Alex.  My daughter.  My self.

Maybe if she lived closer to me and we saw each other all the time, I wouldn’t have the opportunity to actually “see” her for who she has become. It’s difficult with the time difference and the fact that I am asleep before she even gets out of work everyday to talk as much as I’d like to.  This is the reason I drop a call no matter who it’s with if her number pops up on her way to work.  I could be on with the Publishers Clearing House guy saying he was on his way over with balloons and a check and I would still hang up to talk to my daughter.  Okay maybe not him but everyone else, yes.  I walk down the city streets and see mothers and daughters together and I cry.  I hear them fighting with each other at the table next to me at dinner and I cry.  It’s quite the unexplainable phenomenon happening to me. The older I get, the more I want to be with my daughter.  Don’t get me wrong.  I looove my son and I loooove my husband but this relationship is comparable to none.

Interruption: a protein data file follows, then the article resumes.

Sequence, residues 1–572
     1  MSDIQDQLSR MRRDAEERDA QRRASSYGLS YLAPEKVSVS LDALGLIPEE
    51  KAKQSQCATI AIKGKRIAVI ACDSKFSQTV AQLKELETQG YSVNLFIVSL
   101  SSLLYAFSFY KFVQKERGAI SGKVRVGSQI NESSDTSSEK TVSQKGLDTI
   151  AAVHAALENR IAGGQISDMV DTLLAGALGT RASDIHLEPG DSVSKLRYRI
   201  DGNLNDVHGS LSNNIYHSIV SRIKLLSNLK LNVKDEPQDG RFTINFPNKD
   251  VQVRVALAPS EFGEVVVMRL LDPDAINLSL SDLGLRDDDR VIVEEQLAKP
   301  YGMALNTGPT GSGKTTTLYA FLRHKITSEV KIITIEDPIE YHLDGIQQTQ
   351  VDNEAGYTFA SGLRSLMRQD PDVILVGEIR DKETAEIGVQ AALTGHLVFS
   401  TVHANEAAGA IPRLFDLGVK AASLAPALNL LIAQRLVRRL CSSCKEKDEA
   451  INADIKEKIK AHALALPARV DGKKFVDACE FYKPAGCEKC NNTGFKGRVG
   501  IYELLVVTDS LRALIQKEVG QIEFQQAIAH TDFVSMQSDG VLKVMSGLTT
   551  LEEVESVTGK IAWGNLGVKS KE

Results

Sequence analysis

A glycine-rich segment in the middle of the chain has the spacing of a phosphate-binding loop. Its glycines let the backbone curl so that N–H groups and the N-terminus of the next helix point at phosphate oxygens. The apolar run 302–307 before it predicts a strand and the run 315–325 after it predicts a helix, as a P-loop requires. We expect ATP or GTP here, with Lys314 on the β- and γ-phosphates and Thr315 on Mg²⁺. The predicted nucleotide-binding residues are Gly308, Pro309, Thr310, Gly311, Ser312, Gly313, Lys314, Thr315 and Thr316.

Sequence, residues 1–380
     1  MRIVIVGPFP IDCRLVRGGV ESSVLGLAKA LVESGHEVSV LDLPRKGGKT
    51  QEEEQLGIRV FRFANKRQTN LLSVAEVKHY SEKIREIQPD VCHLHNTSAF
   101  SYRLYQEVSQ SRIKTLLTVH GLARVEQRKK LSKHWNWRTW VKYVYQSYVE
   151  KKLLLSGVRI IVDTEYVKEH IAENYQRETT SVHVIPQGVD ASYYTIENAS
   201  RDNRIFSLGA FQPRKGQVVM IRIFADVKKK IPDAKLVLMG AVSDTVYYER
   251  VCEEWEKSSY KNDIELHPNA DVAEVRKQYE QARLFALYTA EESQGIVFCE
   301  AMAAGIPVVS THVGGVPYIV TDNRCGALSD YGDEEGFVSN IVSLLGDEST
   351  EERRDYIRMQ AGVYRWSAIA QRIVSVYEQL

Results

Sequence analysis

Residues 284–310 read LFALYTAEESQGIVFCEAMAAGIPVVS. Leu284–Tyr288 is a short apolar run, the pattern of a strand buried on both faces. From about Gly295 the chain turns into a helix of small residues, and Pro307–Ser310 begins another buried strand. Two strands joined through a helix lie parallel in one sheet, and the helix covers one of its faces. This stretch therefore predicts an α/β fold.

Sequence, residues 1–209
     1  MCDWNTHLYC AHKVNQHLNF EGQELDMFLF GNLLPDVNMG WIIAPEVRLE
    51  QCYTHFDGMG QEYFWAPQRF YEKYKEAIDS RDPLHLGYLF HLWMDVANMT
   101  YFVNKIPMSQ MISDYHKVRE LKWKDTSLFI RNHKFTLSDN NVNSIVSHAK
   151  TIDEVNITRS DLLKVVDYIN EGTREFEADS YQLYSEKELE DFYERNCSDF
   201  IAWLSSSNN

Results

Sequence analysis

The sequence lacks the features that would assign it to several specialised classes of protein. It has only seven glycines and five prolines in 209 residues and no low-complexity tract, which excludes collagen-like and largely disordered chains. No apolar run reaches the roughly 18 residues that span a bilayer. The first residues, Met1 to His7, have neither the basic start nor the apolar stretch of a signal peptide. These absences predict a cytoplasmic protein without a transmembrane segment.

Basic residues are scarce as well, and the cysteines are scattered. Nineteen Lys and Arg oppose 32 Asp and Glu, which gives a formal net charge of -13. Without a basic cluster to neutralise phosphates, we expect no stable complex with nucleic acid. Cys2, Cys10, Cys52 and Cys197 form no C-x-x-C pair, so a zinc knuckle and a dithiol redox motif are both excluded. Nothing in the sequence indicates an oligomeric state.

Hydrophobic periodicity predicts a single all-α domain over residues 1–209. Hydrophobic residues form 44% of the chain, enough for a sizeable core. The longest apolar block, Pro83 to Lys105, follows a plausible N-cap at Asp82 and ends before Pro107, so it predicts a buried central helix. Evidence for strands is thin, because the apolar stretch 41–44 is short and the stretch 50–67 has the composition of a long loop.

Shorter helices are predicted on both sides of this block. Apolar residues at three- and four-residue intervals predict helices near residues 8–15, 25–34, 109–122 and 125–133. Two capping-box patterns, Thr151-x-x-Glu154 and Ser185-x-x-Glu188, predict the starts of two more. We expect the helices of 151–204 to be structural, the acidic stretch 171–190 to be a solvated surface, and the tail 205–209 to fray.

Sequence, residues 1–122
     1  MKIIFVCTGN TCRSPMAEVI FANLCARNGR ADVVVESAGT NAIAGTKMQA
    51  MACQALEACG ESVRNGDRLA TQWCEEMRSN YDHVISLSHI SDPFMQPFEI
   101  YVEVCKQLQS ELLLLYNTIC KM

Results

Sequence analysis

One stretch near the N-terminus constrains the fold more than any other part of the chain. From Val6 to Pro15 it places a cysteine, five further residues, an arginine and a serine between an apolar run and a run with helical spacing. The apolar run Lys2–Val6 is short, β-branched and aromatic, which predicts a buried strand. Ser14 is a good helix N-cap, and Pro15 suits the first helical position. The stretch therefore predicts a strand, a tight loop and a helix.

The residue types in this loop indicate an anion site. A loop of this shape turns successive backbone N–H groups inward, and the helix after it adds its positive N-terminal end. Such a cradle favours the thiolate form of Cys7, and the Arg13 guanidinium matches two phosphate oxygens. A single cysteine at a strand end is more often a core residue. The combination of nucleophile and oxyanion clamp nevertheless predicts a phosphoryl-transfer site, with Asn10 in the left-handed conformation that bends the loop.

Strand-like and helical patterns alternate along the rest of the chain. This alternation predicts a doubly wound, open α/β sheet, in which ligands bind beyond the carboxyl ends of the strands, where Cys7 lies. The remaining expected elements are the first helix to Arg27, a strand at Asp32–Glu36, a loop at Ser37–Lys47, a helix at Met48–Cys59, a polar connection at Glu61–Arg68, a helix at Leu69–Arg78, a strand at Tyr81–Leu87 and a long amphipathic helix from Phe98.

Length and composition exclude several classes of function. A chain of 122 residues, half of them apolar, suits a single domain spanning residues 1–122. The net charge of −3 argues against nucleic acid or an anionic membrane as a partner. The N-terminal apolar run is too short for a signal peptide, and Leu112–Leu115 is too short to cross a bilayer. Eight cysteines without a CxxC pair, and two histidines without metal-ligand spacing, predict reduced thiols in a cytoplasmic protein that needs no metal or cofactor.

I knew from when she was a little girl, and convinced that she was Dorothy, that one day she would find her way to OZ.  When she beat up a little boy in elementary school for pulling her hair, I felt secure knowing that through life, she would take shit from no one.  When she was sad, I was sad but when she smiled my world was a happy place. I watched her graduate and go to a college that wasn’t her first choice.  She knew where she wanted to be and had a plan so she worked as hard as she could and transferred to that school the following September.  She was in Boston and was a car ride away, which was more than awesome.  I can remember moving her in to her Boston apartment and when I drove away I was a little jealous.  I admit it. I felt as if I was leaving a little bit of my younger self behind in that brownstone and driving an older version of myself back to a home that was going to be very quiet with her gone.

I can also remember the day she told us that she was doing an internship in California and that she wanted to move to the west coast.  I knew I couldn’t be mad at her and could only be mad at myself for being afraid to fly.  I can only recall a few other times when I felt as sad as I did that day.  But how could I be mad at her? She knew what she wanted to do and no one was going to stop her.